Friday, January 20, 2012

The Most Beautiful Villages of France: Alsace-Lorraine

This storybook village proudly stands as the birthplace of winegrowing in the region. Visitors will marvel at the century-old houses with pointed roofs, and beautiful floral decorations along the cobblestone streets, which has won many renowned awards throughout Europe.

Decked out in bright flowers, this village proves to be rich in religious architecture, boasting 16th century houses, and a fortified church and cemetery. For a glimpse of romance, head to the Butterfly Garden.
Think half-timbered houses and Geraniums. Typically of the Wissembourg’s region, Hunspach hosts 18th and 19th century old black and white homes with timber frames with Geranium flowers blossoming at the windows. Some buildings here actually contain glass windows that arch towards the street, enabling the people to see outsider the room without being seen themselves.
It’s all about wine-making in the sleepy village of Mittelbergheim, located at the foot of Mount Ste Odile (the highest peak in Alsace). It’s surrounded by vineyards and holds the Zotzenberg Grand Cru. Notably, the townhall holds the "Weinschlag," a book that holds rich information about the vineyards and wine since 1510.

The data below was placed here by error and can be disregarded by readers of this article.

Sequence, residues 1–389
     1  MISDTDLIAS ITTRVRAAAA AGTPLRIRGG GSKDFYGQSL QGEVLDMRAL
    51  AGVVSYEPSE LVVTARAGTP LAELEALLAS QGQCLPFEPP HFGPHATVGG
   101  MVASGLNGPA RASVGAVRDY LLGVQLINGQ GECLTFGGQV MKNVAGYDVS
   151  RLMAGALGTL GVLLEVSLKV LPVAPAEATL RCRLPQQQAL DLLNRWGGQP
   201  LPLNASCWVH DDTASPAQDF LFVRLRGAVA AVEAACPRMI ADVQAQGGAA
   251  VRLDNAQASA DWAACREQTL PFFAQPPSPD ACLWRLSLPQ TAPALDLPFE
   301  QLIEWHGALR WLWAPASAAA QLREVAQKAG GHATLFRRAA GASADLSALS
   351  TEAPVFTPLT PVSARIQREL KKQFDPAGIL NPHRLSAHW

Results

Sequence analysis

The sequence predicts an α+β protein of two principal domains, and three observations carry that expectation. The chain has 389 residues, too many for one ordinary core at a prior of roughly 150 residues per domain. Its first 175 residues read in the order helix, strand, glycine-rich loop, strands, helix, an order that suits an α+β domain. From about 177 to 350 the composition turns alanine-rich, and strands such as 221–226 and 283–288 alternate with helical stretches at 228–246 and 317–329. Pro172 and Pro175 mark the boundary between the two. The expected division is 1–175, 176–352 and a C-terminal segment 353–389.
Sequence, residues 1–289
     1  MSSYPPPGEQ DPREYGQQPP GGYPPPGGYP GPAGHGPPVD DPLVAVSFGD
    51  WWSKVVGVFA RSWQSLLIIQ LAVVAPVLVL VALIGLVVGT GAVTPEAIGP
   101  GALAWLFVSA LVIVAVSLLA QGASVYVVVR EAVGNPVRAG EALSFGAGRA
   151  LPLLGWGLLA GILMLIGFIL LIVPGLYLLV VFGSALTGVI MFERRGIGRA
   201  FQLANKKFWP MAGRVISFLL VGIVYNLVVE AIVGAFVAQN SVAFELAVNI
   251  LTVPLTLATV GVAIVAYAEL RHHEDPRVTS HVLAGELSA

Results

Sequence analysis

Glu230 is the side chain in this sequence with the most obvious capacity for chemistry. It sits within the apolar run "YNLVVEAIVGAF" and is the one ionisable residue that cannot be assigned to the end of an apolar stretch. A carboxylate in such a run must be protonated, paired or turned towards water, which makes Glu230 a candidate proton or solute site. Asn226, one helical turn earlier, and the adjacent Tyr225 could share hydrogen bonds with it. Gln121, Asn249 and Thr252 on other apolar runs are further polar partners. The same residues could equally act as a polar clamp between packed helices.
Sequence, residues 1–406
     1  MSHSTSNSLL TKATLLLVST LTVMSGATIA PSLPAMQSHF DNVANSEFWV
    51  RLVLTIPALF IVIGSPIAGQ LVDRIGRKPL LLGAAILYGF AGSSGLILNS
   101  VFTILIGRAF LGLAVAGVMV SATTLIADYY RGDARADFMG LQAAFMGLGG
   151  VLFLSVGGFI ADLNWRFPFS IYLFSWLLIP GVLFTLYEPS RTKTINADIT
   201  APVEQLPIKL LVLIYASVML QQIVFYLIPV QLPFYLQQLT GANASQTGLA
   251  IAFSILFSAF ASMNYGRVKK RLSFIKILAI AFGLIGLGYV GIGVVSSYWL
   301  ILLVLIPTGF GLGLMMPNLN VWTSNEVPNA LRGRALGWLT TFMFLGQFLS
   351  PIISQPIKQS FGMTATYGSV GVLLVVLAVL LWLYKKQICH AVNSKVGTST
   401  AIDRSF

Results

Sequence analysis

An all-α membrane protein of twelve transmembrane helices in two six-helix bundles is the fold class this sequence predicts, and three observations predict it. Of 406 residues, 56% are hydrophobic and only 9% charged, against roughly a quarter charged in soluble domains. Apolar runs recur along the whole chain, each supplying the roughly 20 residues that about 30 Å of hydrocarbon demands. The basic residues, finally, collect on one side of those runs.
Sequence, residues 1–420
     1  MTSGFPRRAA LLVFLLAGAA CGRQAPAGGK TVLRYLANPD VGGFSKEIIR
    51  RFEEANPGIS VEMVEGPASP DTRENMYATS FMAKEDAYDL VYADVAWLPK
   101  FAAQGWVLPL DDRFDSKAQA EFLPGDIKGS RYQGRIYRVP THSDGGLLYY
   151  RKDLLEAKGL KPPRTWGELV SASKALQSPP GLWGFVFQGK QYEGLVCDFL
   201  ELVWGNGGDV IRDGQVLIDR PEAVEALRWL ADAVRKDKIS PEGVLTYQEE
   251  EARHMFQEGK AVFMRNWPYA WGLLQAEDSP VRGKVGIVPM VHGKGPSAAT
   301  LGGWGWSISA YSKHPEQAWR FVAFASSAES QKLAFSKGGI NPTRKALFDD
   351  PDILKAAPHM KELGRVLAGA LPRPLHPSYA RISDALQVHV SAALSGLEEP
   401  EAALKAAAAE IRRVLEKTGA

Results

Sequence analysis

Riquewihr is a hidden treasure all on its own. It’s a mix of stunning architecture and fine wines. You’ll find the castle of the Dukes of W├╝rttemberg and an array of 15-18th century homes, boasting flower-decked balconies and sculpted windows.
Situated on the borders of France, Germany and Luxembourg, Rodemack goes by "Petite Carcassonne Lorraine” because it continues to be surrounded by miles and miles of ramparts. To enter, one must go through the fortified gate of Sierck, impressively built by the residents back in the day.
Charming and quaint, this village surrounds itself with green hills in the Vosges Mountains and dates back to the Gallo-Roman times as the location of La Croix Guillaume shows. Religion also runs deep here, with the priory and its twin-towered church each with three onion-shaped domes.

Friday, January 6, 2012

Pastis: The Soul Drink of the South of France

Credit: Roger Morris
Southern France’s heart belongs to Pastis.

Just ask Roger Morris, Special Contributor to The Daily Meal.

During his week-long cruise along the renowned Canal du Midi aboard the charming hotel barge, Caroline, he discovered more than just breathtaking landscapes and medieval architecture.

He found the “soul drink” of the region: Pastis, a licorice- and anise-flavored liqueur that kicks your senses into high gear.

Click here to read his first-hand account:

Experience the tasty aperitif yourself on one of our Hotel Barge Cruises!
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